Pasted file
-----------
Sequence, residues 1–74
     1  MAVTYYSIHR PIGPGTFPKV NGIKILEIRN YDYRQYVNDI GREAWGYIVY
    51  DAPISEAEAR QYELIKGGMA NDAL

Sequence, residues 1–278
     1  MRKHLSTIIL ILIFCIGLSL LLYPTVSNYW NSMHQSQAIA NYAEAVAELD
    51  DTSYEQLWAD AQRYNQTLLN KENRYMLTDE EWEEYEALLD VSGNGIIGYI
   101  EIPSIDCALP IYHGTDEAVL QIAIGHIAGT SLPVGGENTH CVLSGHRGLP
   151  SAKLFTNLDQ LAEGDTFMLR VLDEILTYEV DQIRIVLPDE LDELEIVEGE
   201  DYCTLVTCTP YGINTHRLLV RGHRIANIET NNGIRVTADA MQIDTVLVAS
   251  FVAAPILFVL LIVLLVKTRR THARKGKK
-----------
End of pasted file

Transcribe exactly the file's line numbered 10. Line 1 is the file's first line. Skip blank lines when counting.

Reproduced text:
   251  FVAAPILFVL LIVLLVKTRR THARKGKK